The Unlikely Origins Of Freddy Krueger's Sweater
Wes Craven’s Nightmare on Elm Street hit U.S. movie theaters in November 1984, introducing one of the horror genre’s best-known (and freakiest-looking) maniacs, Freddy Krueger.
Not content with plundering dreams and fantastical feats of slaughter, Krueger attained further achievement while ensuring cinematic notoriety: Unearthing a suitably repugnant sweater to compliment his fire-ravaged face. And like most things associated with the creation of Nightmare on Elm Street, there’s an intriguing (comic book nerd-approved) story behind it.
The movie’s premise found partial inspiration in a series of 1970s LA Times newspaper articles, detailing refugees who’d fled to the U.S. amidst the Khmer Rouge Genocide. A number of the exiled Cambodians were besieged with hellish nightmares, prompting a refusal to sleep. Curiously, several of them died after eventually conceding to slumber. Medical authorities labeled the baffling phenomenon “Asian Death Syndrome.”
The concoction of Freddy Krueger, meanwhile, drew influence from a number of sources. One of them was Craven’s school bully, named (fittingly enough) Fred Krueger. Another was a hideous hobo he once saw shuffling through a city sidewalk. By all accounts, this gentleman of the road looked every bit as startling as the charcoaled child killer. Eek!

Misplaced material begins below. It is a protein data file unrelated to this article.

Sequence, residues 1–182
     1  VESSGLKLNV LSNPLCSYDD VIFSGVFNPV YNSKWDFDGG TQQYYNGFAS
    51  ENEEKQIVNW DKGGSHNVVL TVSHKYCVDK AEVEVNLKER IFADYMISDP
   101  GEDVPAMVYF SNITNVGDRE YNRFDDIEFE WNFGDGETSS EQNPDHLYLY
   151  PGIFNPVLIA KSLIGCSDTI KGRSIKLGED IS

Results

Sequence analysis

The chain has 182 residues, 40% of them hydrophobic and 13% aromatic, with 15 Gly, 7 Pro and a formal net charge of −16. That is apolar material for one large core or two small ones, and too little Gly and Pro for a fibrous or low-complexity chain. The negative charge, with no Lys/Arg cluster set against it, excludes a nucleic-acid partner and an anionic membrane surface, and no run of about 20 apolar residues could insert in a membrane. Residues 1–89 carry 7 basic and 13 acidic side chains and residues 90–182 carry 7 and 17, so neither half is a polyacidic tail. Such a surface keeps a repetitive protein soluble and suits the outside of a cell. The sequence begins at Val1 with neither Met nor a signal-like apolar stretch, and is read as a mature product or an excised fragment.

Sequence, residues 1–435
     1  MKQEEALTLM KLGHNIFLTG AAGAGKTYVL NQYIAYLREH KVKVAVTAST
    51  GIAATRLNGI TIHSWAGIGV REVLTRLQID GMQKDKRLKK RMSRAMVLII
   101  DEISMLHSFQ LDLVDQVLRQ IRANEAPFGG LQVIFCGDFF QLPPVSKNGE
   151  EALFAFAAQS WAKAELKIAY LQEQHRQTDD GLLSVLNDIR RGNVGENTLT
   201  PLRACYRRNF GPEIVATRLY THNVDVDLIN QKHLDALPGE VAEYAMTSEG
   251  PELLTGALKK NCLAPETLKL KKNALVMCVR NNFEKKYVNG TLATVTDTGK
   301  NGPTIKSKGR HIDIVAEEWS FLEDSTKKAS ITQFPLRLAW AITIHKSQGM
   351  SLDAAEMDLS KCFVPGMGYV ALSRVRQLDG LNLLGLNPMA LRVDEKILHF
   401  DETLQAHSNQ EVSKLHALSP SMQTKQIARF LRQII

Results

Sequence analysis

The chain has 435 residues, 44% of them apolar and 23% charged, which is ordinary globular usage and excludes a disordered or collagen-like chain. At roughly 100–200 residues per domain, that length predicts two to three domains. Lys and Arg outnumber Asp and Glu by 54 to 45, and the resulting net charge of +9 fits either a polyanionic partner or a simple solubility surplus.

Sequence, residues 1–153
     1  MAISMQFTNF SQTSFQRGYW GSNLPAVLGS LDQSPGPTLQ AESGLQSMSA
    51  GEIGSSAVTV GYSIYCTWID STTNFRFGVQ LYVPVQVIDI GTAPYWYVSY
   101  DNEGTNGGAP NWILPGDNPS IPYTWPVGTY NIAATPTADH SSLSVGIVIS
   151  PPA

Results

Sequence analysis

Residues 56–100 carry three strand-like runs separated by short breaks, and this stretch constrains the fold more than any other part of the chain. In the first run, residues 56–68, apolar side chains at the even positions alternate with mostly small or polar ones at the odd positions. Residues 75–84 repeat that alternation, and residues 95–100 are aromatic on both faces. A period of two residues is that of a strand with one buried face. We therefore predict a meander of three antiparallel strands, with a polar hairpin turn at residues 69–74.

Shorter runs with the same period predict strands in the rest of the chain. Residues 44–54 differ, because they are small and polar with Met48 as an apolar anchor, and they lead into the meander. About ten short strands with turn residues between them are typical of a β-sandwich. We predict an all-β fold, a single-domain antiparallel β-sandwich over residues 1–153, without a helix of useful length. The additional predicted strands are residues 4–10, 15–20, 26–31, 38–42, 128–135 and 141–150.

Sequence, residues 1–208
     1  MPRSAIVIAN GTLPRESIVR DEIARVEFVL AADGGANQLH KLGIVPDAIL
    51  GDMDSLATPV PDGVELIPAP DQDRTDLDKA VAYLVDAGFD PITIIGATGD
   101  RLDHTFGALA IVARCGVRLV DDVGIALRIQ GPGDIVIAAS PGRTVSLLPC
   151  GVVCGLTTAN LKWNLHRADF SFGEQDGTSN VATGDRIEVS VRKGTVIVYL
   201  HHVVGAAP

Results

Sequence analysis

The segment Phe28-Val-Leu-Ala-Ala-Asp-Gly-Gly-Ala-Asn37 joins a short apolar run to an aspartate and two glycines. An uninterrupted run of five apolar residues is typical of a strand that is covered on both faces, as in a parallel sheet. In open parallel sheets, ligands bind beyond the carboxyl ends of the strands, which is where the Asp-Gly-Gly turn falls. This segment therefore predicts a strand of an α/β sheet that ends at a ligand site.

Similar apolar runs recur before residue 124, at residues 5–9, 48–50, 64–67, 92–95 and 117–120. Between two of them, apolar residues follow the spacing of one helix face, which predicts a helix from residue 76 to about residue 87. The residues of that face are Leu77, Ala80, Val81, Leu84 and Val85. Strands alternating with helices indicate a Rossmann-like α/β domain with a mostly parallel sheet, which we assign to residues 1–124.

This brings me back to Krueger’s Ugly Christmas Sweater-approved attire. After reading a 1982 story published in Scientific American, Craven learned that a combination of red and green made for the human retina's two most clashing colors.
In addition to this, the director’s favorite childhood DC Comics character was the rubberlike paladin of freakish flexibility, Plastic Man.
As if a Borat-like mankini fastened with laces (AKA Plastic Man's costume) didn’t already provide daunting physical appearance, Craven adorned his infamous serial killer with razor sharp claws.
So, to evaluate, Freddy Krueger is the unlikely splicing of a school bully, scrotum-faced hobo, and bendable superhero. With claws.
Wes Craven truly was a master of the macabre...